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5 things revealed from leaked documents

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The docs provide rare, vivid insight into Facebook’s methods.

Facebook has struggled to attract younger users for more than a decade, and some senior employees are concerned about the company’s inability to engage teenagers. When asked by analysts about growth prospects, Facebook executives often paint a rosier picture than the one depicted by internal research, a whistle-blower alleges.

These are some of the findings outlined in a cache of disclosures made to the US Securities and Exchange Commission by Frances Haugen, a former product manager at Facebook, and provided to Congress in modified form by her legal counsel. A consortium of 17 US news organizations, including Bloomberg, has obtained the revised version obtained by Congress.

The documents provide rare, vivid insight into the ways Facebook, under the guidance of Chief Executive Officer Mark Zuckerberg, has built a Silicon Valley social media platform — often posting lavish sales and profit gains — in its mission to let users in. also faltered. The tools they need to build community and bring the world together.

In its defense, Facebook points to new products and services it is developing to attract younger users; It notes that hate speech represents less than 1% of the overall content on its platform and is declining; It says it uses research, hypothetical tests and other methods to analyze how it recommends content and improves efforts to stop the spread of harmful content. Facebook also argues that it has made substantial disclosures regarding the development and that the document Haugen shared with the SEC represents a “curated selection” that can be “used in any way to draw reasonable conclusions about us”. Can’t be done.”

Still, the company’s missteps are starting to take a toll. Some employees at the Document Chronicle are demoralized and disagree on the best way to deal with bad content; Facebook shares have fallen more than 10% since the Wall Street Journal began publishing stories based on whistleblower documents; And lawmakers, who are already weighing in on legislation reining in Facebook’s power, are calling for even more stringent oversight.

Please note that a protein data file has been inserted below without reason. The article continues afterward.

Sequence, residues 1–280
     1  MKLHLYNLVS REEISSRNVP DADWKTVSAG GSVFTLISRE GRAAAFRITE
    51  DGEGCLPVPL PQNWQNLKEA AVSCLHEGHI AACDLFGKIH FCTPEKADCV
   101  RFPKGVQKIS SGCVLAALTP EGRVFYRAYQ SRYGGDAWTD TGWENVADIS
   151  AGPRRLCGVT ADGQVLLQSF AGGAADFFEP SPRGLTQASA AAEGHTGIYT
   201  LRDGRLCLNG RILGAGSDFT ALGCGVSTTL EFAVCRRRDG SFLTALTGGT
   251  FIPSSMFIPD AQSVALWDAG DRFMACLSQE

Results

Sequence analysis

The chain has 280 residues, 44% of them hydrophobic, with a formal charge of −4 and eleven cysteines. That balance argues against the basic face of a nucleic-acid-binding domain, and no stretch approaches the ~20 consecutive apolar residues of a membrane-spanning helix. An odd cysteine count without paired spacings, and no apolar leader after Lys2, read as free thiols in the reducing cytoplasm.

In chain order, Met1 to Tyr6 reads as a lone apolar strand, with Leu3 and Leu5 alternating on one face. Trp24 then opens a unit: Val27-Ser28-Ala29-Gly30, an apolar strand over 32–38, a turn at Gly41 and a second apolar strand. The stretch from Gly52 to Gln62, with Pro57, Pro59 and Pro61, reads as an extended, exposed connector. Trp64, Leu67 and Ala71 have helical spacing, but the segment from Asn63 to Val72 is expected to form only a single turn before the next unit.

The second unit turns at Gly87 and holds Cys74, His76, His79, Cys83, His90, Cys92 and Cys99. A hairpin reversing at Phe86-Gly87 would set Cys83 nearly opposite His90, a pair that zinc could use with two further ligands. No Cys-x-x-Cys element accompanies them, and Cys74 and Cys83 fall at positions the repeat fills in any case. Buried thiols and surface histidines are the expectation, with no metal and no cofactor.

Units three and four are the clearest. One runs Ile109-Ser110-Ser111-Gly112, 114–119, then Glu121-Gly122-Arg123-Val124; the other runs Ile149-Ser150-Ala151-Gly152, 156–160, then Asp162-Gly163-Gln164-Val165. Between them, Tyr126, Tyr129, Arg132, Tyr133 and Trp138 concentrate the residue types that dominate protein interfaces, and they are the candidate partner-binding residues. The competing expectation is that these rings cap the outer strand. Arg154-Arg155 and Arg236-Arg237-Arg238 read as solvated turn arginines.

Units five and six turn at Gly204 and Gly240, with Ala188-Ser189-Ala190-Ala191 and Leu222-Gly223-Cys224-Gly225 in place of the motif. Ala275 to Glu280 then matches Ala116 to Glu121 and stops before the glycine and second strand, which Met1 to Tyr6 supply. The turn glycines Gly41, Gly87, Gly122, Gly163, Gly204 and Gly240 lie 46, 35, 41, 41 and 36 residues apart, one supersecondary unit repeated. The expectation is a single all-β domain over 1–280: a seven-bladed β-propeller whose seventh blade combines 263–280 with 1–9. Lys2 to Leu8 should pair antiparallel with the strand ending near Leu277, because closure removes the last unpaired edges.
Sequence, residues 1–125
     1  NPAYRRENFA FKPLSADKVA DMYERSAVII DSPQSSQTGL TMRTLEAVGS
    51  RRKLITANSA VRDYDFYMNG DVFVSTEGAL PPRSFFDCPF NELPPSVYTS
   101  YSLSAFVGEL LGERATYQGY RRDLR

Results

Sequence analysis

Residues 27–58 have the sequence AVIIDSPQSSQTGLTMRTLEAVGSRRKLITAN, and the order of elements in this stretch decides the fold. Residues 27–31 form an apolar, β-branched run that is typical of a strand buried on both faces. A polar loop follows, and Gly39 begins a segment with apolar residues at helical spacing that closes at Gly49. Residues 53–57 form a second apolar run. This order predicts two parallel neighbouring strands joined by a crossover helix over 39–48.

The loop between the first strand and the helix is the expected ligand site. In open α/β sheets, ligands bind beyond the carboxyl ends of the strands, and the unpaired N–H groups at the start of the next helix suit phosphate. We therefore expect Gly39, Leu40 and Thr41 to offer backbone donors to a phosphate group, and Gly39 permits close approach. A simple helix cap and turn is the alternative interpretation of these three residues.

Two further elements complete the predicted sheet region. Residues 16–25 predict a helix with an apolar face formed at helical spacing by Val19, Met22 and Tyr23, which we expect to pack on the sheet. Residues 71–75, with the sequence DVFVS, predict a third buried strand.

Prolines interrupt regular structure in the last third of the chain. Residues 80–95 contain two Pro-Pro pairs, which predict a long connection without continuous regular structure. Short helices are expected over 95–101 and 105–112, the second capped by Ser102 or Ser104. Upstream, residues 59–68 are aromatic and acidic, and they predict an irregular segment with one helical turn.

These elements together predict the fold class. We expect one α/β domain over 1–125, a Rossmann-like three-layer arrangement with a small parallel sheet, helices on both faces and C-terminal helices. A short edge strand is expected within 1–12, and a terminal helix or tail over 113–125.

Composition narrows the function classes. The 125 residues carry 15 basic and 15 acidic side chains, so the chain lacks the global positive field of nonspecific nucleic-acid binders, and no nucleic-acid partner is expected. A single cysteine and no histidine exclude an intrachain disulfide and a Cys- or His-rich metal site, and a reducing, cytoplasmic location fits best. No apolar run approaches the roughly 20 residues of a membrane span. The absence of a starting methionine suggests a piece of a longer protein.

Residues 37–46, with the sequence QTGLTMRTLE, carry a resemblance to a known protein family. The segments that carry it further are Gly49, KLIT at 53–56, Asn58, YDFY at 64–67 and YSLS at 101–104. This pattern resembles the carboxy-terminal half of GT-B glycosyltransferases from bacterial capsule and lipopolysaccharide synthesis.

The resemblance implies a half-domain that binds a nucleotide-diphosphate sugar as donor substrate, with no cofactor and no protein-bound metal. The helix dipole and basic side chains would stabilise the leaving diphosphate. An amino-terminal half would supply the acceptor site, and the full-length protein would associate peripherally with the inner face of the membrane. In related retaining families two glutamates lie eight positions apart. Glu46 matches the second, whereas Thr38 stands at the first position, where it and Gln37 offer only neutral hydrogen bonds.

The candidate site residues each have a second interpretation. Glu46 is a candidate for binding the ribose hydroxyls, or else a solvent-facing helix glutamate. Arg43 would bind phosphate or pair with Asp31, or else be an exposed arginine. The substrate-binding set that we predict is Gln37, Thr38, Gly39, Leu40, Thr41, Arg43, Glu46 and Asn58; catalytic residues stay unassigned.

Other insights gleaned from the documents, researchers and people familiar with Facebook, including current and former employees:

  • Facebook executives have long known that the platform’s hate speech problem was much bigger and deeper than the company reported. While Facebook prioritizes rooting out violence and hateful content in English-speaking Western countries, it ignores developing regions that are more vulnerable to real-world damage from negativity on social media.
  • A Facebook team working to stem the flow of harmful posts was hampered by staffing shortages, limitations placed on its product development, and the platform’s engagement-focused algorithms, which often promote content that is false and can be divisive.
  • Facebook staff studying misinformation have concluded that the social network’s core products contribute to the spread of harmful content, and that the company’s own efforts to suppress misinformation are sometimes undermined by political considerations.
  • In 2019, Facebook set up a test account in India to determine how its tools affected people in its most important market; Within three weeks, the fictional user’s account had turned into a vortex of fake news and incendiary images.
  • Facebook’s own employees, including internal researchers, blamed the company on January 6 for failing to stem the spread of groups inciting violence.

(Except for the title, this story has not been edited by NDTV staff and is published from a syndicated feed.)

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